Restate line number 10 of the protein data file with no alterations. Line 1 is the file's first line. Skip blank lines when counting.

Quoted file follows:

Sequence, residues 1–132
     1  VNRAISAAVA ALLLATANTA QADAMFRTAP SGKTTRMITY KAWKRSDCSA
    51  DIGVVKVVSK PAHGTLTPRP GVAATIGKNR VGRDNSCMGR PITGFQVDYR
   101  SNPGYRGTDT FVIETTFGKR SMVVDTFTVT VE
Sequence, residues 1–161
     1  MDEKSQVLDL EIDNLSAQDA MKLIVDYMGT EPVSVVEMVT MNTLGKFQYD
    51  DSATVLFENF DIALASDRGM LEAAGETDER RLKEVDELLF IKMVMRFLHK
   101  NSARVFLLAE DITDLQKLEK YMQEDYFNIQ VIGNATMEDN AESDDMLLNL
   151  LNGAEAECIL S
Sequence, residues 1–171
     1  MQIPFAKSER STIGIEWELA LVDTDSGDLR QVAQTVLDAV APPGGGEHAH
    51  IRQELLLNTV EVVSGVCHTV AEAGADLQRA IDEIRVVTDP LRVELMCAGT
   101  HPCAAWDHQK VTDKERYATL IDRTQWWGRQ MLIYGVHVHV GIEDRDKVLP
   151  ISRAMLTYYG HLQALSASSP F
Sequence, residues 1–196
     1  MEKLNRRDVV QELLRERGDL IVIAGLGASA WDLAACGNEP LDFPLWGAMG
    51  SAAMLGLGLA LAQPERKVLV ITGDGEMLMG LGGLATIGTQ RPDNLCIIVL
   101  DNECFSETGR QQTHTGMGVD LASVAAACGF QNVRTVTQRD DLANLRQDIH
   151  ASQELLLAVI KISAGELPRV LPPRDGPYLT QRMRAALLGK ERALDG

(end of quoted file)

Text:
Sequence, residues 1–171